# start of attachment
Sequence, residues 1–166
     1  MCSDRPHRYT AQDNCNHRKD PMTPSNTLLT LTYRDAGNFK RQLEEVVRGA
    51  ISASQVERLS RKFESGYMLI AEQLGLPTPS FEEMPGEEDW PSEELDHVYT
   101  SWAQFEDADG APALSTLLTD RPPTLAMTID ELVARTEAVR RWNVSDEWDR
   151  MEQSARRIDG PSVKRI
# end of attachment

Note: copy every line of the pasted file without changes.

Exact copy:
Sequence, residues 1–166
     1  MCSDRPHRYT AQDNCNHRKD PMTPSNTLLT LTYRDAGNFK RQLEEVVRGA
    51  ISASQVERLS RKFESGYMLI AEQLGLPTPS FEEMPGEEDW PSEELDHVYT
   101  SWAQFEDADG APALSTLLTD RPPTLAMTID ELVARTEAVR RWNVSDEWDR
   151  MEQSARRIDG PSVKRI